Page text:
It’s been since March this year when some of the first behind-closed-doors previews of Tekken 8 happened that I played the game, so I was excited to see how things have been coming along in the October Closed Beta Test (CBT). It was my first time getting to play as Azucena and Raven, as well as the first time anyone got to see the new Player Lobbies. It all looked very good. There was just one thing making a lot of players nervous over the weekend: The netcode for Tekken 8 still needs some work.
Coffee queen & UN ninja
One of the main things I had on my bucket list for the October Tekken 8 CBT was playing Azucena and Raven. Azucena has a really eclectic and fun style punctuated by jazzy dance moves and stances. She can get up in your face quick, overwhelm with kicks, slaps, and elbows, and then rock your socks quickly with some very hard-hitting and sudden moves. Some of her power comes from her stances. Once she enters a stance she has access to some fast counterplays. She can also start weaving around opponents’ attacks and playing keep-away with them before going in for a big string if they whiff their strikes.
Raven returns with his trademark cybernetically-enhanced ninjitsu and shadow clone techniques. He has a lot of strikes that lead into light rekka options, such as hitting an overhead elbow and then going for a sliding kick at the opponent’s feet or going for a big summersault uppercut if you think they’ll try to counter low. He also utilizes his shadow clones in cool and stylish ways in many of his attacks, such as trading places with the clone when struck and going in for a counter as opponents recover from attacking the clone. Heck, his Heat Drive is an overwhelming team attack in which his clones attack an enemy from various angles before he and another clone blast the opponent with a palm thrust for huge damage and stage break opportunities.
Both Raven and Azucena were feeling fresh and fun throughout the weekend, bringing two more awesome and exciting fighting styles to an already thick-looking roster.
Amusement park lobbies for everyone
I have to admit, I love what Tekken 8 is doing with its player lobbies. When I first saw it, I thought it looked a bit too much like a combination between a metaverse project and Street Fighter 6’s lobby system. However, the October CBT actually got me wanting to see what these lobbies will be like when they’re fully ready to roll.
One of the things that appeal to me is that the lobby reminds me of Fremont Street in Las Vegas, what with the long strip, LED screen overhead, and neon and glamour in every direction. Inside, you have your usual arcade setups where you can log in for Free or Ranked Match play. There’s also a shop where you can buy clothes and customize your avatar, a Dojo Area where we’ll get to train solo (and eventually with other players online), and even a Beach Area where we’ll get to queue up for Tekken Ball.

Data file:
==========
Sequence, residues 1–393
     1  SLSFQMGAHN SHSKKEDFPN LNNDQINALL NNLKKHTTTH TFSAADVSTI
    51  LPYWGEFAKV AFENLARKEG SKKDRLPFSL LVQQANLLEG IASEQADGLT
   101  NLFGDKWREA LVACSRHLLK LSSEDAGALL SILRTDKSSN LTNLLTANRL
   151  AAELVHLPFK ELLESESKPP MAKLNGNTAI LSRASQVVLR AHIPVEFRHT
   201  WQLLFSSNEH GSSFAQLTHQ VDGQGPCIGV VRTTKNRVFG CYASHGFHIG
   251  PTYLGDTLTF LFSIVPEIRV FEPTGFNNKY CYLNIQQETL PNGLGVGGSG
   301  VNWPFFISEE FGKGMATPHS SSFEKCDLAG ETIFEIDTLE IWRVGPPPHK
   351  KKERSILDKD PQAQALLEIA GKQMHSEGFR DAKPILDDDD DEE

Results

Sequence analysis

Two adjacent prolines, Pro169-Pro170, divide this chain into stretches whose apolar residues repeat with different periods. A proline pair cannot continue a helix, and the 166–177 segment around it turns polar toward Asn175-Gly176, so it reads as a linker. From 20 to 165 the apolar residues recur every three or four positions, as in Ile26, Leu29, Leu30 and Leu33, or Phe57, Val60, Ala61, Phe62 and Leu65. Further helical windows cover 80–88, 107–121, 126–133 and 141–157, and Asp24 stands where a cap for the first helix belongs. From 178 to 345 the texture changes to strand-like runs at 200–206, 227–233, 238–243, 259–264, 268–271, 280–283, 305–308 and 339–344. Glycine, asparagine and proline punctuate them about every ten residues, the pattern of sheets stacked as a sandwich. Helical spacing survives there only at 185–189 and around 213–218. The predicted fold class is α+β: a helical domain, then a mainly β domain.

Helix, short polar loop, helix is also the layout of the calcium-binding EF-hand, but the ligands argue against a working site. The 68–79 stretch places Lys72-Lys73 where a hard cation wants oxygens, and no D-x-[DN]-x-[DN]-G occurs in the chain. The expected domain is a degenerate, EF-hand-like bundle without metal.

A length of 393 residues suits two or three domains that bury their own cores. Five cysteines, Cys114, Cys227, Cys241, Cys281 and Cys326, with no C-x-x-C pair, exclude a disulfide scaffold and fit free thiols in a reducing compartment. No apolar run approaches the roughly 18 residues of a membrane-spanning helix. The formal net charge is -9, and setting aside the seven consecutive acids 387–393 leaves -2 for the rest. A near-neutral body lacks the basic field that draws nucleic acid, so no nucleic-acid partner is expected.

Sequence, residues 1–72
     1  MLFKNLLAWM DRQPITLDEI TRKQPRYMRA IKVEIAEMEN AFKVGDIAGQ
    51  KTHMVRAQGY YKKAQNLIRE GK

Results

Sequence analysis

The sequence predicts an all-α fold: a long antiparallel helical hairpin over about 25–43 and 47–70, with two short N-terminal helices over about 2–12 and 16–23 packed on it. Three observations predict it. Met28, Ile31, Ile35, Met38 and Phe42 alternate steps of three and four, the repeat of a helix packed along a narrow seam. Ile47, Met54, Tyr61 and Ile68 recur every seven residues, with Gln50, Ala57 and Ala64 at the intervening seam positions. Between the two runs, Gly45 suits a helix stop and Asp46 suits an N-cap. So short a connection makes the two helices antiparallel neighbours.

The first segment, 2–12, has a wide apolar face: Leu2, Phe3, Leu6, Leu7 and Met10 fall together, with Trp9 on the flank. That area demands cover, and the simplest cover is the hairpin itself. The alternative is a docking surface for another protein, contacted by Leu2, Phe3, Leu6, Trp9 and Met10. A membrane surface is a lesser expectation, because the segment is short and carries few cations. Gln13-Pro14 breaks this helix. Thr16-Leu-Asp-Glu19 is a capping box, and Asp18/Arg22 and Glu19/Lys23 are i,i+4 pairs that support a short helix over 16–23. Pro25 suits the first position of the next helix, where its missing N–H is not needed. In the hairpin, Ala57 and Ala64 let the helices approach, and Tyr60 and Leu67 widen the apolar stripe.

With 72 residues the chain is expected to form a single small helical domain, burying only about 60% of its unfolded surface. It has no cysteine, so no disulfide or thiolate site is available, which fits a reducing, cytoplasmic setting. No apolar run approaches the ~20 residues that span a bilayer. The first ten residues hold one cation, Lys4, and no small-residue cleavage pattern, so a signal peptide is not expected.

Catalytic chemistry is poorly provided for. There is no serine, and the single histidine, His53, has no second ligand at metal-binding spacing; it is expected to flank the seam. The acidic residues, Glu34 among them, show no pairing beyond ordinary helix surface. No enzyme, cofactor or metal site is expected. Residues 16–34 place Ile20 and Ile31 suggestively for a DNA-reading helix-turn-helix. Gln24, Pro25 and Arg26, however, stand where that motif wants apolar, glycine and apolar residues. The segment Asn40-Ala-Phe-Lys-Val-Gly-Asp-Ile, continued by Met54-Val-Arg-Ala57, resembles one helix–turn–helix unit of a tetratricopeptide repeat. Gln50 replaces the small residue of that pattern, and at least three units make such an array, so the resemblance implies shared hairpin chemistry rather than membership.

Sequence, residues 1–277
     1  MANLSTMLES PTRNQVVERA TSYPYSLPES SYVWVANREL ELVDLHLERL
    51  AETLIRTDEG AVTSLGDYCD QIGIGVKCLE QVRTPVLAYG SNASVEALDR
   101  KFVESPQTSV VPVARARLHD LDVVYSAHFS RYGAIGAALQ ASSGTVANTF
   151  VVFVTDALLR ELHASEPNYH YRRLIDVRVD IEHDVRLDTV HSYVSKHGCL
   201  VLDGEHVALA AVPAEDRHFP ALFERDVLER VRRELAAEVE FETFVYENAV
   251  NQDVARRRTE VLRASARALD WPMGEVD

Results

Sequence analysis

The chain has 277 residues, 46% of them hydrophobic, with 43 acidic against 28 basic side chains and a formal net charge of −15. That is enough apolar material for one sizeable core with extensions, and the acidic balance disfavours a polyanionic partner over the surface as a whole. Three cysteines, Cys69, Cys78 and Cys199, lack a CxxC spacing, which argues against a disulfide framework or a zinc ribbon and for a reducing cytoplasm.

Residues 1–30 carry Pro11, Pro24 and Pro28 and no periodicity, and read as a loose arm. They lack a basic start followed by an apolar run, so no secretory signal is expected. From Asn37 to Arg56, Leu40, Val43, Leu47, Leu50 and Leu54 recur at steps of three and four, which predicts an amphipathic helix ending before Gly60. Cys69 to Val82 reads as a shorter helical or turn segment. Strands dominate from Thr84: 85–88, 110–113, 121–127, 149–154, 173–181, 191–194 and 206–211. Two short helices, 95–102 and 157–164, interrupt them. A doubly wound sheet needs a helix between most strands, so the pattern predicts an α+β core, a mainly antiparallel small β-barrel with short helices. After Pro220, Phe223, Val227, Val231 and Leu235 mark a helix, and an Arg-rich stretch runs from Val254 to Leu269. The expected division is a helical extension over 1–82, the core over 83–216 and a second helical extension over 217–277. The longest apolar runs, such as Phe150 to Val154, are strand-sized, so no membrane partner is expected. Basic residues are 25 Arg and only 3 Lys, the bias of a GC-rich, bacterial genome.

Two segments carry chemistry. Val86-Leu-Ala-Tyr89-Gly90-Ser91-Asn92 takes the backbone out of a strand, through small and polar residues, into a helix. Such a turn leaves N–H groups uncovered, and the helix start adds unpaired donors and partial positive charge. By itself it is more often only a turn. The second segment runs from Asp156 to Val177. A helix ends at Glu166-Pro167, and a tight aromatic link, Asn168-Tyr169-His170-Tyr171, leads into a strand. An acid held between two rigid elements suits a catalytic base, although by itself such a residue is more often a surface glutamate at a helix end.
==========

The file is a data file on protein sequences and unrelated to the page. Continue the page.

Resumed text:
Obviously, there was a lot of the Player Lobby system that was unavailable for this CBT period. That said, the promise of what it will offer, alongside the sheer vibrant and flashy aesthetic it has going on, make Player Lobbies in Tekken 8 look like they’re going to be a fun place to unwind and chat between matches.
Crack the code
One thing I have to address, and I hope to see improved, is the Tekken 8 netcode. Something about it wasn’t wholly reliable this weekend. I run on a wired connection with good downloads and uploads, but I had quite a bit of spotty online experiences throughout the weekend. When my opponents had good connections, our matches went buttery smooth, but if there was any hitch in their side, it could turn the match into a lag fest where the action shuddered and was choppy throughout the fight.
Strangely, I also had a lot of opponents that wouldn’t even match with me. Sometimes it was their own choice, but other times, the online system matched us only to frequently say match conditions didn’t meet one or both players’ preferences and restrictions. Why were we matched in the first place then?
I wasn’t alone in my judgement of the netcode either. Players throughout Twitter reported having laggy matches and wi-fi warning issues, and some claimed the netcode was actually worse than previous tests. I know we have plenty of time until January, but I hope it’s enough for Bandai Namco to seal this issue up tight. Netcode issues are the last thing any player wants to worry about when Tekken 8 arrives.
Still feeling the Heat
I maintain since my original preview that the Heat system is making Tekken 8 really aggressively offensive and fun, and the simple Special Style controls feel very usable considering you can toggle them on and off mid-match. Seeing what Azucena and Raven could do with the Heat system was a delight, and I’m really excited to experience the Player Lobby system when it’s fully available. I also really hope Bandai Namco can nip the netcode in the bud and put the polish it needs in there to match everything else going on in this game so far. If netcode rises to meet the rest of the expanding Tekken 8 package, we’re in for another feast of fighting game riches when Tekken 8 arrives in January 2024.
This preview is based on a PlayStation 5 beta version of the game supplied by the publisher. Tekken 8 comes out on January 26, 2024 on PS5, Xbox Series X/S, and PC.